Serena Williams

Serena Williams, 40, may not have played in a professional tennis match since Wimbledon in June, 2021, when she retired after injuring an ankle in the first set of her opening match against Aliaksandra Sasnovich but, even so, requires little introduction. She is, in fact, the most successful singles player, of either sex, in the Open Era, with 23 Grand Slam singles titles to her name. All told, she has won the Australian Open seven times, Wimbledon seven times, the US Open six times and the French Open three times. Williams has also topped the Women’s Tennis Association (WTA) singles rankings for 319 weeks, a total exceeded only by Steffi Graf (377 weeks) and Martina Navratilova (332 weeks).

In April, 2022, Williams revealed plans to return to competitive tennis at Wimbledon in June, 2022. However, she did so just hours after Patrick Mouratoglou, who had been her coach since 2012, announced that he would be working full-time with Romanian Simona Halep. Williams has also stressed that equalling, or breaking, the all-time Grand Slam record set by Margaret Court, from which she is just one single title away, is no longer a priority. Having won a gold medal at the 2012 Summer Olympics in London, to complete what has become known as a ‘Career Golden Slam’ in singles, she has little or nothing to prove, so rumours of her retirement inevitably continue to circulate.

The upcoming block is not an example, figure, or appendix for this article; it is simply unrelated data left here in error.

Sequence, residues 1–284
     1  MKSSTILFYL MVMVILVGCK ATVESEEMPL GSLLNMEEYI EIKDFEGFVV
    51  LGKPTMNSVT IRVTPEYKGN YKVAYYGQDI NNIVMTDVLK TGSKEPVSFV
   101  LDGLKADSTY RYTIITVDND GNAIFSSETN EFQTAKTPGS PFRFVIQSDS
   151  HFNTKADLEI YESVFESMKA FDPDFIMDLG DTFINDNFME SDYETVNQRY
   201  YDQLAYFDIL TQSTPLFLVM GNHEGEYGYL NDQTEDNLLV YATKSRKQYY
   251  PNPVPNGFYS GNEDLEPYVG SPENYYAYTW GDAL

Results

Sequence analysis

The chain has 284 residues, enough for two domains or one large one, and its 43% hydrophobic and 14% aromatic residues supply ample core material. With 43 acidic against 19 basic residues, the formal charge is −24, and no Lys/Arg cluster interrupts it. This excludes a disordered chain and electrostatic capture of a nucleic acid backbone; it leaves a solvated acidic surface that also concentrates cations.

Whatever the future holds, no-one can deny the impact that Williams, and her elder sister, Venus, have had on women’s professional tennis since they first arrived on the scene in the Nineties. Serena Williams was only 14 when she turned professional in 1995. She won her first Grand Slam singles title at the US Open in 1999 and, between June, 2002 and January, 2003 completed the so-called ‘Serena Slam’, winning all four Grand Slam singles titles, at the expense of Venus Williams on all four occasions.

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